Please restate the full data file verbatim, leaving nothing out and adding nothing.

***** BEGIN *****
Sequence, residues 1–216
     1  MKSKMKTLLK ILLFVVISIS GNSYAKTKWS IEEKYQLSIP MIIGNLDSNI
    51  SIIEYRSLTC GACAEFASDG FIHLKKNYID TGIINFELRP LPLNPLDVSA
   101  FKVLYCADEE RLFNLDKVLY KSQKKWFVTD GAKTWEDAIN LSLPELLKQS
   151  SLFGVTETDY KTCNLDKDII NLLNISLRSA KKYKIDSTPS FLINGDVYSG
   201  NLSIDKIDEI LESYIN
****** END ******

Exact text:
Sequence, residues 1–216
     1  MKSKMKTLLK ILLFVVISIS GNSYAKTKWS IEEKYQLSIP MIIGNLDSNI
    51  SIIEYRSLTC GACAEFASDG FIHLKKNYID TGIINFELRP LPLNPLDVSA
   101  FKVLYCADEE RLFNLDKVLY KSQKKWFVTD GAKTWEDAIN LSLPELLKQS
   151  SLFGVTETDY KTCNLDKDII NLLNISLRSA KKYKIDSTPS FLINGDVYSG
   201  NLSIDKIDEI LESYIN